Tuesday June 17: Witchcraft/American Revolution
Read: Major Problems, Chapters 3-4
Book presentation: Ulrich, A Midwife's Tale
Wednesday June 18: The Cult of Domesticity
Read: Major Problems, Chapter 5;
Unequal Sisters, Ch. 4: Boydston, "To Earn Her Daily Bread" Ch. 5: Gonzalez, "La Tules of Image and Reality"
Book presentation: Clinton, The Plantation Mistress
Thursday June 19: Women in Slavery
Read: Major Problems, Chapter 6
Unequal Sisters, Ch. 2: "Female Slaves" Book presentations: White, Ar'n't I a Woman? Jones, Labor of Love, Labor of Sorrow: Black Women, Work and the Family from Slavery to the Present
Monday June 23: Women and Activism - 19th Century
Read: Major Problems, Chapter 7
Unequal Sisters: Ch. 8: Stansell, "Women, Children, and the Uses of the Street" ; Ch. 7: Paula Baker, "The Domestication of Politics: Women and American Political Society, 1780-1920." Book presentation: Rothman, Hands and Hearts: A History of Courtship in America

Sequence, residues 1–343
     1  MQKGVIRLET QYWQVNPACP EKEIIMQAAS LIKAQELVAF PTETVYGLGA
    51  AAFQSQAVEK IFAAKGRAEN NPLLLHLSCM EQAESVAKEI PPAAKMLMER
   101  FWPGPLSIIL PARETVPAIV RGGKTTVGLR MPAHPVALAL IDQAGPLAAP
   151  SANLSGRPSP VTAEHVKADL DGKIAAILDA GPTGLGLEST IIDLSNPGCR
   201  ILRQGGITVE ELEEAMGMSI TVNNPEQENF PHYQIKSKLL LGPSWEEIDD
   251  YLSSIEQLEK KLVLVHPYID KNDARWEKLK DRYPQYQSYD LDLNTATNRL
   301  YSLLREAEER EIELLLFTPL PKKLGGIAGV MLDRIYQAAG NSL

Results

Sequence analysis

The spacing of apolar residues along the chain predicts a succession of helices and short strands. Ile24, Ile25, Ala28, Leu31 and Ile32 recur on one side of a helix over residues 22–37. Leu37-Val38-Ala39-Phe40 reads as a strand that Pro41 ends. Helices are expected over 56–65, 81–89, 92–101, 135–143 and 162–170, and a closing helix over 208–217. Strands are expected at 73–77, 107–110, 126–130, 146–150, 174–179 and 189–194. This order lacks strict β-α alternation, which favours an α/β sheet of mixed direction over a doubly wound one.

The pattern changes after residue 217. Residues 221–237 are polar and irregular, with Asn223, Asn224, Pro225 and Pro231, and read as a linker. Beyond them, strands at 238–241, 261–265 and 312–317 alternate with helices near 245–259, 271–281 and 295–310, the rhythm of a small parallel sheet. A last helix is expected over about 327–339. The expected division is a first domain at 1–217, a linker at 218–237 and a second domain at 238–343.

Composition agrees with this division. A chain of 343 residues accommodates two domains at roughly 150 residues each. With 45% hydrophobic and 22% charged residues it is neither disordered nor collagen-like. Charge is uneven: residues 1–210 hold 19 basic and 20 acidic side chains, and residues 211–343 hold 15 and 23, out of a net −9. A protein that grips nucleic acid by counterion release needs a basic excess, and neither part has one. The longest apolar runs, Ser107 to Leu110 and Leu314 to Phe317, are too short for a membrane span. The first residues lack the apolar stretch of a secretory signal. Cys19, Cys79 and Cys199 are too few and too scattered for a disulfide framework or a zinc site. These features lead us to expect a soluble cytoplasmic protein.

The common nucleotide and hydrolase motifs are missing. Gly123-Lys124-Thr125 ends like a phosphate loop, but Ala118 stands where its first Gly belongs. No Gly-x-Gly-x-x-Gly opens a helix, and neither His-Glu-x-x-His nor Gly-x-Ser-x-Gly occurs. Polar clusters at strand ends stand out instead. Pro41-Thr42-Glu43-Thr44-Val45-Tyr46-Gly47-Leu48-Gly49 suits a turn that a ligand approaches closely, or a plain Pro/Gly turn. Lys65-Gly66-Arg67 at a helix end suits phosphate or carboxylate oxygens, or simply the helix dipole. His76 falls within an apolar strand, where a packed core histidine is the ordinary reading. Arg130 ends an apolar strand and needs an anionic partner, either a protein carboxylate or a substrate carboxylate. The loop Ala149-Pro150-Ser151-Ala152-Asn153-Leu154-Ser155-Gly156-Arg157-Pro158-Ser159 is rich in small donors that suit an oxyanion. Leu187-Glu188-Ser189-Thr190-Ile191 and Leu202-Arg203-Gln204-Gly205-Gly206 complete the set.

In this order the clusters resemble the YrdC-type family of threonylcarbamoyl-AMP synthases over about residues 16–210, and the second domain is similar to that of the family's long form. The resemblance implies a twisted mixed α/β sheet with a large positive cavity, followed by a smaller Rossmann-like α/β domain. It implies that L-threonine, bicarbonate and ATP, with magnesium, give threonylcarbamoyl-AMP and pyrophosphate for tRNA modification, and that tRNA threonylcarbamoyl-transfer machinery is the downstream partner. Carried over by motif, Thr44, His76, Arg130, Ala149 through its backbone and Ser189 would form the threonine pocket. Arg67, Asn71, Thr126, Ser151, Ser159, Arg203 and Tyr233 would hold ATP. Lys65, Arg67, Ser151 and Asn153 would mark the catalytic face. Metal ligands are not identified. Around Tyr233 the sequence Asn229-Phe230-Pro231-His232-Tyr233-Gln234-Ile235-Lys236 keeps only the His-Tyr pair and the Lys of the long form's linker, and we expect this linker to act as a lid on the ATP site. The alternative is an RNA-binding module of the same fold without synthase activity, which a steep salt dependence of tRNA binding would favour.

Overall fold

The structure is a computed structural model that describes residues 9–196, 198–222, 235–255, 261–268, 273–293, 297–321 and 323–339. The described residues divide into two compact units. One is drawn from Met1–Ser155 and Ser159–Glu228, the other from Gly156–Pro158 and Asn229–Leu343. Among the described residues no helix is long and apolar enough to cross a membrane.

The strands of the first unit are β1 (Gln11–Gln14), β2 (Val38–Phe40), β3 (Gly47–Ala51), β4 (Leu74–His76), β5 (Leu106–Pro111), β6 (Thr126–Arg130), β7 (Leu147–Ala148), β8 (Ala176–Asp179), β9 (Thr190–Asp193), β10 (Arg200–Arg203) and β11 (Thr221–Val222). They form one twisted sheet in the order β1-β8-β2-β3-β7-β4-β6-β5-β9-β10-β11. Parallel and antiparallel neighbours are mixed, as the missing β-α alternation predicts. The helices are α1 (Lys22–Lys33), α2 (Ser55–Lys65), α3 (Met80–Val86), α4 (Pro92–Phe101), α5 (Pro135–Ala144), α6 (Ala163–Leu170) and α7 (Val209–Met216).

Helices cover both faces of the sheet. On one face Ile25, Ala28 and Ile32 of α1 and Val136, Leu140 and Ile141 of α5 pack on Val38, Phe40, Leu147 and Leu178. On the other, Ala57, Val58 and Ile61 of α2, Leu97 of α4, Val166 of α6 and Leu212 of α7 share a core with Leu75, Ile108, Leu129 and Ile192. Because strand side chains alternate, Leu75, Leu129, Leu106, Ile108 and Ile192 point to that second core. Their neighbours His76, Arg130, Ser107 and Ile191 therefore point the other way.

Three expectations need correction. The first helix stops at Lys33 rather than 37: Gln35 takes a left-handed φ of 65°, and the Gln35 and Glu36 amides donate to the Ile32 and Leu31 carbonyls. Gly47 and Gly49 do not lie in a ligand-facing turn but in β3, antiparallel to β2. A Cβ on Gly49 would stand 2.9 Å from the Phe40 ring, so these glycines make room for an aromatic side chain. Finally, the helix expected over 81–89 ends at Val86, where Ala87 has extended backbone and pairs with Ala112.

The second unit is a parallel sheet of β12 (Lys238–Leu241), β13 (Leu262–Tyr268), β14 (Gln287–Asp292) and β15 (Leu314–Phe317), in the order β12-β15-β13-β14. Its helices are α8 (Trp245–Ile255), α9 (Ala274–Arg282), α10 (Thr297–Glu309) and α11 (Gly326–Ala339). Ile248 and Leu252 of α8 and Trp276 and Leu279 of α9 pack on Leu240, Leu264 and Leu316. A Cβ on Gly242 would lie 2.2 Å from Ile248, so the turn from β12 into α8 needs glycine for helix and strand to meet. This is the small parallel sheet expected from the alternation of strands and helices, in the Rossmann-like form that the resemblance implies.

Tuesday June 24: The West
Read: Major Problems, Chapter 8
Unequal Sisters: Ch. 10: Pascoe, "Gender Systems in Conflict: The Marriages of Mission-Educated Chinese American Women" Book presentation: Schlissel, Women's Diaries of the Westward Journey
Wednesday June 25: Victorian Sexuality
Read: Major Problems, Chapter 9
Charlotte Perkins Gilman, The Yellow Wallpaper website. Browse the information on the website for discussion. Gilman, Herland
Unequal Sisters Ch. 9: Van Kirk, "The Reputation of a Lady" Book presentation: Rosen, Lost Sisterhood: Prostitution in America
Thursday June 26: The New Woman/Suffrage and Social Reform
Read: Major Problems, Chapter 10
Unequal Sisters: Ch. 11: Gordon, "Black and White Visions of Welfare" Ch. 14: DuBois, "Working Women, Class Relations, and Suffrage Militance: Harriot Stanton Blatch and the New York Woman Suffrage Movement, 1894-1909" Ch. 15: Yung, "The Social Awakening of Chinese American Women" Book presentation: Muncy, Creating a Female Dominion in American Reform